Rip & Mike #2

(circa 1968)

Adapted from

"Shifting the Sun" by Diana Der Hovanessian

When your father dies, say the Irish,
you lose your umbrella against bad weather.

When your father dies, say the Welsh,
you sink a foot deeper into the earth.

When your father dies, say the Canadians,
you run out of excuses.

When your father dies, say the French,
you become your own father.

When your father dies, say the Indians,
he comes back as the thunder.

When your father dies, say the Russians,
he takes your childhood with him.

When your father dies, say the English,
you join his club you vowed you wouldn't.

When your father dies, say the Armenians,
your sun shifts forever.

And you walk in his light.

I love the what the English say, but for me it's what the Irish and the Russians say that rings most true.

You who are celebrating your breathing fathers, cherish it and share good food and drink.  Those with difficult relationships, consider the fact that while your fathers will not always be here, the difficulty will be unless you change it (I'm just saying!). And those who can only celebrate gifts left behind, well celebrate. And remember the happiest story of all:

The grandfather dies, the father dies, the son dies. 

(Just heard that on the awesome Losing Mum and Pup, by Chris Buckley, highly recommend listening to author's audio version. Buckley would put it this way, and I can relate: Best case scenario: I'm next!

These were my dad's favorite cookies, formerly called spice cookies, now called

Rip's Spice Cookies

10 ounces vegetable shortening (1-1/2 cups)
8 ounces sugar (about 1 cup)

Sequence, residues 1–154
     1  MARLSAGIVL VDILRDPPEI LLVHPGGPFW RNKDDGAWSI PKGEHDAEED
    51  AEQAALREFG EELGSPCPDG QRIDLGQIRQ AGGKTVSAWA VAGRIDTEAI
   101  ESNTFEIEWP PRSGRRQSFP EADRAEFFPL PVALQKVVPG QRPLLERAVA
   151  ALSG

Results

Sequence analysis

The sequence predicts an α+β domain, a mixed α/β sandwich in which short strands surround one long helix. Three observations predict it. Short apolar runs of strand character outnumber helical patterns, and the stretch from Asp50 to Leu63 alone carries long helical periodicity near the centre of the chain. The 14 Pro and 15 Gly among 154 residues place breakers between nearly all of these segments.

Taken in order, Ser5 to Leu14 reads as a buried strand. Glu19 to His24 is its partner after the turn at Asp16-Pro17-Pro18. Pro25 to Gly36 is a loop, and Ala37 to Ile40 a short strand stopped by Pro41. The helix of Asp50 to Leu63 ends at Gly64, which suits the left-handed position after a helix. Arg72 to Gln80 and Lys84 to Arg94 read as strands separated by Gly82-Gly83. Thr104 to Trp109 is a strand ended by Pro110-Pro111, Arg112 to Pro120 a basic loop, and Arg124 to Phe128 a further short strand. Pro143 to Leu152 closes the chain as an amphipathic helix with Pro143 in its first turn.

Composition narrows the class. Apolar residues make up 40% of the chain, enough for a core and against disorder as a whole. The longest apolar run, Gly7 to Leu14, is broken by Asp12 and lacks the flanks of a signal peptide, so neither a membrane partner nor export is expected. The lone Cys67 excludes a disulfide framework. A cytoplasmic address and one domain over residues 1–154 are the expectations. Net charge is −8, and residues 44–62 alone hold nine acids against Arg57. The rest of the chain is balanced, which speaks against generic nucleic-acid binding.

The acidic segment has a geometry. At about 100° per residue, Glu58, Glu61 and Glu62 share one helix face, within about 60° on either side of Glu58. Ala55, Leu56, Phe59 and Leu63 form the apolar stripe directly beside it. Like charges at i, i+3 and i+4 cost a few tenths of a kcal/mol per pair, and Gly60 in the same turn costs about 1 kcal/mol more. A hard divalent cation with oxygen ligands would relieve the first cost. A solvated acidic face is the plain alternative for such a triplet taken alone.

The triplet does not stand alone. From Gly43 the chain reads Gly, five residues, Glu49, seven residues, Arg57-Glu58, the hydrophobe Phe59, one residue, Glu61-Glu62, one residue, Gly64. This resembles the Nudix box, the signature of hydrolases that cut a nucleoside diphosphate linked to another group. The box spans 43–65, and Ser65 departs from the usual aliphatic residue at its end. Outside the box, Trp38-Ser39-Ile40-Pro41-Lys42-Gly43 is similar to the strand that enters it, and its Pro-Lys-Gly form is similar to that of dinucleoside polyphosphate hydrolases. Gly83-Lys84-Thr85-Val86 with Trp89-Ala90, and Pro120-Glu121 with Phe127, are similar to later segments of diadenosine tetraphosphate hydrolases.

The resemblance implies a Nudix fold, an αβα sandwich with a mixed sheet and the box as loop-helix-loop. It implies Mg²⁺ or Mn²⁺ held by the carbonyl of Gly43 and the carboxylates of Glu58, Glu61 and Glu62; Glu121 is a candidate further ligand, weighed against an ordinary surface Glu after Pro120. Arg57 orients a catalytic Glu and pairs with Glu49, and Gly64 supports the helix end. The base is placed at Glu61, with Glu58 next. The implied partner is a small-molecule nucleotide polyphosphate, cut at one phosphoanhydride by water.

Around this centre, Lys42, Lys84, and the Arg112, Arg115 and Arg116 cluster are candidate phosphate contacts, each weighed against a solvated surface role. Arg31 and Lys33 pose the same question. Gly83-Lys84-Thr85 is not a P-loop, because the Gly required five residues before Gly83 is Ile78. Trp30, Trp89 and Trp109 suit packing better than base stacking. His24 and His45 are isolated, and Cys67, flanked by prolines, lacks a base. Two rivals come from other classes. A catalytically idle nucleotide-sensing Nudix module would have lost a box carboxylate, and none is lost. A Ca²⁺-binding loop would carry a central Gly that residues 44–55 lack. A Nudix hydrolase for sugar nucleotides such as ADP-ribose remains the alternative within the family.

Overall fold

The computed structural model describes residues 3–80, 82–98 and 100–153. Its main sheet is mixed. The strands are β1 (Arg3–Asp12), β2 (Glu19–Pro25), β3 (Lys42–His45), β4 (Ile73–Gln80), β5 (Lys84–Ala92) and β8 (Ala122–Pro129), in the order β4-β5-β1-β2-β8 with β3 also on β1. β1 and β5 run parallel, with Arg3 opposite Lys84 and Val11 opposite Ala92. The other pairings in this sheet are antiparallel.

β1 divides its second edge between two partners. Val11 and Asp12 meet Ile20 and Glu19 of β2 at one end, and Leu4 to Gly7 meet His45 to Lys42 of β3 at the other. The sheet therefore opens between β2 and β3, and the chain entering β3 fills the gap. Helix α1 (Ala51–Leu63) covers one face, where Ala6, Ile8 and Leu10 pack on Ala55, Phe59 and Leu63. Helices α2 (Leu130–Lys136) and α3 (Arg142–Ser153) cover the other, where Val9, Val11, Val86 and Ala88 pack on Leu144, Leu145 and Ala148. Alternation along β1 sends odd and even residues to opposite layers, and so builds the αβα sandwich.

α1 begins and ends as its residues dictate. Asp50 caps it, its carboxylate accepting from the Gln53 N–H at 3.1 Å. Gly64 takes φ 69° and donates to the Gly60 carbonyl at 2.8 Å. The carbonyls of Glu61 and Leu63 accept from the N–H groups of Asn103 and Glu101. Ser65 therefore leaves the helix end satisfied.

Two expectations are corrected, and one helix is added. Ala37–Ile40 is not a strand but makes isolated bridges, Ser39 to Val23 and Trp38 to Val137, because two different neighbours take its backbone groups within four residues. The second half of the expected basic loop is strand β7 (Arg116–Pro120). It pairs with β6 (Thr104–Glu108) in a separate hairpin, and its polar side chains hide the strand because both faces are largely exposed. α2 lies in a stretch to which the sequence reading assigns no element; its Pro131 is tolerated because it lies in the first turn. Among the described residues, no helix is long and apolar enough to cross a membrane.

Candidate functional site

1 egg
1/4 cup molasses
12 ounces flour (about 2 cups)
1 teaspoon baking powder
2 teaspoons cinnamon
1 teaspoon ground ginger
1/4 teaspoon salt

Preheat your oven to 350 degrees.

Combine the shortening and sugar and egg and mix thoroughly in a standing mixer or by hand (measuring out shortening using a scale is sooo much easier than trying to do it by volume).  Add the molasses and continue mixing.  Combine the remaining ingredients and fold them into the dough.

Roll into small balls or spoon out tablespoons of dough onto a baking sheet.  Give them some room because they’ll spread.  Bake for 10 minutes or until the edges begin to darken.

Yield: about 24 cookies

Rip Ruhlman 9/24/38 – 8/09/08
Rip1_2  

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25 Wonderful responses to “Father’s Day Deep Blues
and Sweet Spice Cookies”

  • Kate in the NW

    We’ve been on the road, so I missed this one. I honored my wonderful dad by marrying another wonderful dad. He, in turn, defies his own family history by becoming everything great and good and kind that his own father was not capable of being. And the world keeps turning…I guess we create our own peace out of what we’ve got – some of us from scratch, some from great ingredients that were handed to us. Full pantries, empty ones – we get what we get, and make what we can of it.

    Thanks for sharing with all of us. I’m glad you had such a great Dad, and sorry he’s not around anymore.